'Just right' is probably what many Americans will think when they size the Kizashi up. It's about right for young families, empty nesters, or just urban commuters who want a reasonably roomy vehicle that's also not a burden to park. Factor in the well-designed cabin, pleasing materials, and refined ride, and it's a compelling package with a lot of passenger appeal.
We're not saying that Suzuki has accomplished any packaging magic here, though. The Kizashi is more of a compact sedan than a mid-size one on the outside, and the same rings true inside. But what you get helps make the most of the space--like nice, supportive bucket seats that bring plenty of support for taller drivers, as well as a great driving position.
Trunk space is also where the Kizashi reveals that it's not quite mid-size. The trunk opening is quite narrow, too, but the seatbacks are split 60/40 and can easily be flipped forward. It's not quite a flat floor in the end, but however headrests tuck nicely away without needing to be removed.
If you love the detailed feel and upscale materials of luxury models, but you see no need for their image or higher price tag, the Kizashi is a good fit. It really shines in the details--better than most other models in this class--with nicely grained plastics plus soft-touch and padded surfaces in most of the places you'd brush against. Controls for audio and climate have a positive, high-quality feel with a textured grip; they wouldn't be out of place on a car costing twice as much.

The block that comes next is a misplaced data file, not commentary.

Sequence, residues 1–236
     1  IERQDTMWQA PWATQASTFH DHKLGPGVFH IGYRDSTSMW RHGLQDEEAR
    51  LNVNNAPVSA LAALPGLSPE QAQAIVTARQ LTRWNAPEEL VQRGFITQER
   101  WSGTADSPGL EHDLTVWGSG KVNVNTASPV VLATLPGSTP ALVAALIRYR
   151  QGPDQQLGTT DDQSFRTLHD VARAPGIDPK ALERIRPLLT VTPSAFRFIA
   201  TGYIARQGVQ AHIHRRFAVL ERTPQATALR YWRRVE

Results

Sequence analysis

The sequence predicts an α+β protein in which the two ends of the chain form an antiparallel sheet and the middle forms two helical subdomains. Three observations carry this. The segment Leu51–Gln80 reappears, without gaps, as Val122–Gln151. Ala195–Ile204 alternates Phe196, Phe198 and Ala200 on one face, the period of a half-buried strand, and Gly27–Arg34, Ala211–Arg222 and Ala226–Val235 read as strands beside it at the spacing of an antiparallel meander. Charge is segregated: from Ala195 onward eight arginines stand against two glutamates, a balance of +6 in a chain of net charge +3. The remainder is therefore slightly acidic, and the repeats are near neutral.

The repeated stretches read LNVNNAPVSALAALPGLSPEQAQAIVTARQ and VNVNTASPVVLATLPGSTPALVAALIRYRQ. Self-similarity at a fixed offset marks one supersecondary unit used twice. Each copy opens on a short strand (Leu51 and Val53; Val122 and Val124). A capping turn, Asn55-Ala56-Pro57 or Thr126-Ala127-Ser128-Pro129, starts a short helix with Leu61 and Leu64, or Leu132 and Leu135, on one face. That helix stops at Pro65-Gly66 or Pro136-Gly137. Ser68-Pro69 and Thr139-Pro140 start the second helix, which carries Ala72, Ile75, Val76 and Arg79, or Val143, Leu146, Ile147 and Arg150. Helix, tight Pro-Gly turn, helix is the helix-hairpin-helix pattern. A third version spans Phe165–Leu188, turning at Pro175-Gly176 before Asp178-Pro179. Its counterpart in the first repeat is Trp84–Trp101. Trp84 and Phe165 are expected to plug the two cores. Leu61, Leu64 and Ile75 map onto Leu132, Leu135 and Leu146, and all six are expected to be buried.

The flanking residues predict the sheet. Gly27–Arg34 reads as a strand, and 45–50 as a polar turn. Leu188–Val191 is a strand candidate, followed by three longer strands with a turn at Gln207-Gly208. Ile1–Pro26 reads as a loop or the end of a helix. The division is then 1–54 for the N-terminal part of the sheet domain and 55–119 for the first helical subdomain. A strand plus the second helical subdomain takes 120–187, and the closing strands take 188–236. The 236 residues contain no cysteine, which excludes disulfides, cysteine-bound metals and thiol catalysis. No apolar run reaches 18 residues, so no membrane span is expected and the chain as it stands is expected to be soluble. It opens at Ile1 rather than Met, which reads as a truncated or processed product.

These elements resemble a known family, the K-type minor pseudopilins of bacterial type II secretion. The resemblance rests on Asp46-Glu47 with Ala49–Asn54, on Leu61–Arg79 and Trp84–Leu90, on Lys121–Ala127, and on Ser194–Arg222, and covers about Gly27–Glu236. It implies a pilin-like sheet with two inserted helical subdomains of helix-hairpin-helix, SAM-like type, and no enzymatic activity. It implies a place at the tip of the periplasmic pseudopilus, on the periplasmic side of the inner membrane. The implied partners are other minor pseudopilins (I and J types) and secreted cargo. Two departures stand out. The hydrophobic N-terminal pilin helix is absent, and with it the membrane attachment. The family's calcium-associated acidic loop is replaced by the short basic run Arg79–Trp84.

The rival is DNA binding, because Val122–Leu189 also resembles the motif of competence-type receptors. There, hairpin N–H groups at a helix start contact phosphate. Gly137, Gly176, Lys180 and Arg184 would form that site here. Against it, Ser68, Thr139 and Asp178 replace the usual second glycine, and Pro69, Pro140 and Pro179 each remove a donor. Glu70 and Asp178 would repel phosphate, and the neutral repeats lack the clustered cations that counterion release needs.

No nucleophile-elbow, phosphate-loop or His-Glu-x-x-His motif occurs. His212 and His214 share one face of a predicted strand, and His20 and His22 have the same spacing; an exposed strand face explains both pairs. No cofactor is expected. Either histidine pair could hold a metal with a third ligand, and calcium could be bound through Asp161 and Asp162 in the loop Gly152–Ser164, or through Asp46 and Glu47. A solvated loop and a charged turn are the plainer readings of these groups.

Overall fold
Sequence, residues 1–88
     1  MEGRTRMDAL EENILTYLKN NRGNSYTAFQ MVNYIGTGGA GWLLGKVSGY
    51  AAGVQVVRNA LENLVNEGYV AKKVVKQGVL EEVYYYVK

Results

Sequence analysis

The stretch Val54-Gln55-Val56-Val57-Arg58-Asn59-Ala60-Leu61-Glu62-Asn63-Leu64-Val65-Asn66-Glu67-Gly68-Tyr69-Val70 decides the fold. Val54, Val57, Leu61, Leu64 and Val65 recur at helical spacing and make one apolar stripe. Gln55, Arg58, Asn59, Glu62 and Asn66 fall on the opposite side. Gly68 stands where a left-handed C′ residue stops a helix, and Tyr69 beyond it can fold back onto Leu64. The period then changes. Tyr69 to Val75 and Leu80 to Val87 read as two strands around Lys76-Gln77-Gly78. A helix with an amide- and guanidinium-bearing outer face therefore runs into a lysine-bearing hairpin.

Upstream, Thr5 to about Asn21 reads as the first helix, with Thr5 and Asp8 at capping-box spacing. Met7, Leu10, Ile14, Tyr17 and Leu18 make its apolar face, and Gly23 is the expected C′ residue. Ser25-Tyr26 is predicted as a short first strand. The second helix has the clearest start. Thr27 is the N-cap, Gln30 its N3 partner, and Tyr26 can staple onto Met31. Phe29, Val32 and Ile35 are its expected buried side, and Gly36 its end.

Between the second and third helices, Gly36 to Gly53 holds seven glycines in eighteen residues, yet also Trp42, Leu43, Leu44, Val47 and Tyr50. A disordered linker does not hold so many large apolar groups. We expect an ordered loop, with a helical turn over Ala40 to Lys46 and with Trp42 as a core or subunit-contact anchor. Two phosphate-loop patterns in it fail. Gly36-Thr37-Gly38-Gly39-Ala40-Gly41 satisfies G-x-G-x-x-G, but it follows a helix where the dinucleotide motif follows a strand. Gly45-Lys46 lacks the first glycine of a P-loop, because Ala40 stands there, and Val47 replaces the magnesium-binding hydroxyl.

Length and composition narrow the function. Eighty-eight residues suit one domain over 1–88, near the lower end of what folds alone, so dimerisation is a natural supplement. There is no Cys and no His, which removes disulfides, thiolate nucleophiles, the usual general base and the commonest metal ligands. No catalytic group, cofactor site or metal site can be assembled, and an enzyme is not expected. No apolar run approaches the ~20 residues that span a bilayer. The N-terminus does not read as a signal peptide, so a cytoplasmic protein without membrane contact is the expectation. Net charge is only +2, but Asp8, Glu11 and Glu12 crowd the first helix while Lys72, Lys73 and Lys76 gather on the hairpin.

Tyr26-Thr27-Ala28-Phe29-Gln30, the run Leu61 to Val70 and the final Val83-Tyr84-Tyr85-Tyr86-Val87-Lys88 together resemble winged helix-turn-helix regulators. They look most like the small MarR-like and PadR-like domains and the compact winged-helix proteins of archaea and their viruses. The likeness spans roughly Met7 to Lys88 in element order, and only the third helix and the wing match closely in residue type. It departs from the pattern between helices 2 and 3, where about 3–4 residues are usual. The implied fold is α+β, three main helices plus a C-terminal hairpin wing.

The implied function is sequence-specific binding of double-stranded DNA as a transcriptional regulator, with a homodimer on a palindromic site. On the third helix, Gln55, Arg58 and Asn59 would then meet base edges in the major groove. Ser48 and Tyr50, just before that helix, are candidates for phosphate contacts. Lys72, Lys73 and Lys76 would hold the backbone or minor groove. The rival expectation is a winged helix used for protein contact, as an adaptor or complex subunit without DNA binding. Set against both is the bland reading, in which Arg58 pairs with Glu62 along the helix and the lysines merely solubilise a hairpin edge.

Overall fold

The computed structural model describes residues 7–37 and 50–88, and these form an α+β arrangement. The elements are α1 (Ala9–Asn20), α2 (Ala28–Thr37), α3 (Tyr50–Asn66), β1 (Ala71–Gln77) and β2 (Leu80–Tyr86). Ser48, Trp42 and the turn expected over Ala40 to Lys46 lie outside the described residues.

Otherwise, we appreciate how there are some clever smaller storage spaces: There's a large storage bin just ahead of the shifter, with a lid to leave electronics out of view, and a conveniently located USB input, for iPod connectivity.
The Kizashi rides in the same measured, upscale, and sporty way. It's somewhat firm, but not so much as to be jarring, and it damps out road noise surprisingly well. At the same time, there's not all that much road noise or coarseness, thanks to some smart tuning and cabin insulation.